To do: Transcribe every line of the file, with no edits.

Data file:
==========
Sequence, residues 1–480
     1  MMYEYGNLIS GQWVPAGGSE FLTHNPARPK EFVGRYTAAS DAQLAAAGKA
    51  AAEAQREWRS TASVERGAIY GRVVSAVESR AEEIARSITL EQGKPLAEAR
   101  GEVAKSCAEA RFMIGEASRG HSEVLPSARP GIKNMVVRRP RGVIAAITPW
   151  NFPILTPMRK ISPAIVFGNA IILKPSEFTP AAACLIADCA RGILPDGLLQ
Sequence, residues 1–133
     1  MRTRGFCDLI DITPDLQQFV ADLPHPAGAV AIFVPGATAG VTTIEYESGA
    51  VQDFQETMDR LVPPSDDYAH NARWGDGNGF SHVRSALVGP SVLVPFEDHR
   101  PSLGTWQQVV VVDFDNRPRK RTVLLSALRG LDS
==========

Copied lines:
Sequence, residues 1–480
     1  MMYEYGNLIS GQWVPAGGSE FLTHNPARPK EFVGRYTAAS DAQLAAAGKA
    51  AAEAQREWRS TASVERGAIY GRVVSAVESR AEEIARSITL EQGKPLAEAR
   101  GEVAKSCAEA RFMIGEASRG HSEVLPSARP GIKNMVVRRP RGVIAAITPW
   151  NFPILTPMRK ISPAIVFGNA IILKPSEFTP AAACLIADCA RGILPDGLLQ
Sequence, residues 1–133
     1  MRTRGFCDLI DITPDLQQFV ADLPHPAGAV AIFVPGATAG VTTIEYESGA
    51  VQDFQETMDR LVPPSDDYAH NARWGDGNGF SHVRSALVGP SVLVPFEDHR
   101  PSLGTWQQVV VVDFDNRPRK RTVLLSALRG LDS